What is assistive technology? Assistive technology is any device, software or equipment that can help kids with learning and attention issues work around their challenges so that they can learn, communicate and simply function better. These products can make a significant impact on student learning. They can help kids become more successful and productive students, which can help grow their confidence and independence.Ranging in levels of sophistication, assistive technology is an ever-growing and dynamic field.
Here are some examples of assistive technologies:
“No Tech”—These items include pencil grips, post-it notes, slanted work surfaces, paper with raised lines, tactile numbers, letters or objects, magnifying bars, work organizers and weighted pencils.
“Low Tech”—These items include answer buzzers or buttons, talking calculators, microphones, switches, and tap lights.
“High Tech”—These include specialized keyboards, software applications, Text-to-Speech technology, mobile devices such as tablets and smartphones, computers, word processors, augmentative communication devices, classroom amplification systems, and computerized testing.
Here are a few of our favorite affordable classroom assistive technologies:
Tips: Having the right AT tool can make a huge difference for your child’s education. A good way to choose an assistive technology tool is to start with a specific struggle or need that a child is displaying.
Bluebee Pals are one of our favorite assistive technology learning tools! Bluebee Pals “speak” when connected by Bluetooth to a smartphone or to apps on a tablet. Their mouths open and close and their head turns in a natural speaking position which makes them come to life. They are perfect snuggly study buddies for engaging students in reading practice while reading book apps, practicing skills in educational learning apps, and in practicing and learning social skills. Used with any targeted apps with voice narration, they motivate students to want to interact and learn. They are especially fun to use when recording your child’s own voice!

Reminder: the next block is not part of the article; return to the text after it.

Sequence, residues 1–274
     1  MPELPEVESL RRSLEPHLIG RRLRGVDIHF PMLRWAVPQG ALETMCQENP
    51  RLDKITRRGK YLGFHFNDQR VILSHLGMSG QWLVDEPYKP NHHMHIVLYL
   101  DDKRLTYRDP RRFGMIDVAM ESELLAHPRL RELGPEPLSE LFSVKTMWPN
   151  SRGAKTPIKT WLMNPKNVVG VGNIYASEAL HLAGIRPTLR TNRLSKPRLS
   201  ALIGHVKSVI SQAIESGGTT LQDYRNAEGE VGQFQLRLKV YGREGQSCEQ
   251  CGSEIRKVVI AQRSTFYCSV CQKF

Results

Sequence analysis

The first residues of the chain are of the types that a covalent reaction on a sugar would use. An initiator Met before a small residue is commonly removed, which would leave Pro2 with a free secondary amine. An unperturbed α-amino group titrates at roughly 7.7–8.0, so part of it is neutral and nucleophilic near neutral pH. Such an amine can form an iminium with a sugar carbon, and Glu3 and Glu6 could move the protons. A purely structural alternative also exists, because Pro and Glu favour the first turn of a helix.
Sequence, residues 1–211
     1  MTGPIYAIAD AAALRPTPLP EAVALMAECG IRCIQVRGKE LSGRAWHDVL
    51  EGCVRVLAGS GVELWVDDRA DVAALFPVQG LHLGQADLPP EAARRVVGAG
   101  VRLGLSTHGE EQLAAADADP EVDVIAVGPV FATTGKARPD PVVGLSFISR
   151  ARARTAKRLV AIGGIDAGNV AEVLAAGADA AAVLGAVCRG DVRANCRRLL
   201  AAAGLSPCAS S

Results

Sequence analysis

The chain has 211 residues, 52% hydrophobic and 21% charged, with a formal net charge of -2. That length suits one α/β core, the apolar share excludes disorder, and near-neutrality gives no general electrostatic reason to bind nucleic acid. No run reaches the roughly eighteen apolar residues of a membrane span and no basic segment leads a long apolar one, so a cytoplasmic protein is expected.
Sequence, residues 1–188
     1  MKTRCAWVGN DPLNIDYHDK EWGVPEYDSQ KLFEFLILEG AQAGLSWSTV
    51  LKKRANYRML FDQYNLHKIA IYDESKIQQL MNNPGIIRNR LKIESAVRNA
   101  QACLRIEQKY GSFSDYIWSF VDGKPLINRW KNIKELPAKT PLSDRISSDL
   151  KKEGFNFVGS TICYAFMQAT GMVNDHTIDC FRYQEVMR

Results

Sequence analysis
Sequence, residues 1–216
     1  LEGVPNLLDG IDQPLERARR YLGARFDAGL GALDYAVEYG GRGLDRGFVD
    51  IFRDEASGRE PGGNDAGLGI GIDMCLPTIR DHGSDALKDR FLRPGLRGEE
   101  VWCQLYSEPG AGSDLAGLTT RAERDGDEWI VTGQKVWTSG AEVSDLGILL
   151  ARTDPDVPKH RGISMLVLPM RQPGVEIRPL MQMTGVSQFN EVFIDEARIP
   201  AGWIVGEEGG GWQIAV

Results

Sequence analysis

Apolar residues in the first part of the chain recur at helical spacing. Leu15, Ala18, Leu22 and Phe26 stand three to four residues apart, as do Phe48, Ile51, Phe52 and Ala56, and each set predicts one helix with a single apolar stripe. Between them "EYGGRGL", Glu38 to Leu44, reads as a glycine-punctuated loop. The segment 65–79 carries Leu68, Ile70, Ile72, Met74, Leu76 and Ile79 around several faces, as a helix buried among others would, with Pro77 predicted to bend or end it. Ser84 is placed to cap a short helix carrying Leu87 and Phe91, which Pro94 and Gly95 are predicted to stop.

Cozmo, by Anki
Audio Recorders and Buttons:
Many e-books have audio files and self recording features (for auditory feedback) and smartphones and tablet computers come with text-to-speech software that can read aloud anything on your child’s screen. If a child struggles with writing or taking notes, an audio recorder can capture what the teacher says in class so your child can listen to it again at home. Fun button recorders allow the user to make choices, practice speech, give messages, practice spelling words, and record short answers.
*Timers: Wristwatches, Hourglass Timers, Visual timers
These inexpensive devices help kids who have trouble with pacing. Timers can be used as visual aids to show how much time is left to complete an activity. If a child has difficulty transitioning from task to task, timers can help him mentally prepare to make the switch.
Fun Time Timer by CodigoDelSur
Reading guides are good tools for kids who have trouble with visual tracking or who need help staying focused on the page. The plastic strip highlights one line of text while blocking out surrounding words that might be distracting. The strip is also easy to move down the page as your child reads.
For those with attention challenges and/or sitting still, students have the opportunity to wiggle or bounce while still being productive using wobble stools and exercise balls. Inflatable seat cushions are also available to help kids with sensory processing and attention issues. The cushion can provide enough movement and stimulation to help a child maximize his focus.
Depending on your child’s math issues, it might be appropriate for him to use a basic calculator in class. There are also large-display calculators and even talking calculators. A talking calculator has built-in speech output to reads the numbers, symbols and operation keys aloud. It can help your child confirm that he has pressed the correct keys.
Free Talking Calculator by Roundhouse Software LLC